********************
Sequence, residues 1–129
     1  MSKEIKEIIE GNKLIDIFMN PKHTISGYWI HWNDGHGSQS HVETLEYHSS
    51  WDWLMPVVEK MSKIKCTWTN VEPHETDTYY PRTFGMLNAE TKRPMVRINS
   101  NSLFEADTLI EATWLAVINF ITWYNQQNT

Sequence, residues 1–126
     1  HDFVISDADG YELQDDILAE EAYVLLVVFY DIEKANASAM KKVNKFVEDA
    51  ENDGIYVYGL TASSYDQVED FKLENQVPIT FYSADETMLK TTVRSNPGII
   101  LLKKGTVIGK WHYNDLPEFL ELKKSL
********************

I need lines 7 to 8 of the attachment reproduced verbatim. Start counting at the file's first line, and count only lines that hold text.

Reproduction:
    51  ENDGIYVYGL TASSYDQVED FKLENQVPIT FYSADETMLK TTVRSNPGII
   101  LLKKGTVIGK WHYNDLPEFL ELKKSL